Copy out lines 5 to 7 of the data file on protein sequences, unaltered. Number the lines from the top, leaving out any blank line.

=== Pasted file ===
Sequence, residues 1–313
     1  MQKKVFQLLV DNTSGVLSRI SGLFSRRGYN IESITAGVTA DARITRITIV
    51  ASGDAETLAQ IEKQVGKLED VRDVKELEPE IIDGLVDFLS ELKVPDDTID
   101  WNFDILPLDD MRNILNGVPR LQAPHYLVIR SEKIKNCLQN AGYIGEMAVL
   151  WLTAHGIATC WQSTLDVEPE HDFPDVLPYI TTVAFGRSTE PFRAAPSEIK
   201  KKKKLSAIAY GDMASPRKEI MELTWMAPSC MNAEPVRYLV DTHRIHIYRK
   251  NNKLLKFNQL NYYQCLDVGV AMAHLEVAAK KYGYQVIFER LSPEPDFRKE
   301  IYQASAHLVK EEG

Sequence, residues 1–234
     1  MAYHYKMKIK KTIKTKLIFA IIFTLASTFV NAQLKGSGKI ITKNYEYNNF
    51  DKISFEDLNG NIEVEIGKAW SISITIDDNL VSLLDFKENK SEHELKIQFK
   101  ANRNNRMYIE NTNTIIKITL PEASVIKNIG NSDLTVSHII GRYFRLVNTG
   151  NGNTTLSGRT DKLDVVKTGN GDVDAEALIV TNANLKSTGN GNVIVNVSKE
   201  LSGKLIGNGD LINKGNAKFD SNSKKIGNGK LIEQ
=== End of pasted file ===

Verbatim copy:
   151  WLTAHGIATC WQSTLDVEPE HDFPDVLPYI TTVAFGRSTE PFRAAPSEIK
   201  KKKKLSAIAY GDMASPRKEI MELTWMAPSC MNAEPVRYLV DTHRIHIYRK
   251  NNKLLKFNQL NYYQCLDVGV AMAHLEVAAK KYGYQVIFER LSPEPDFRKE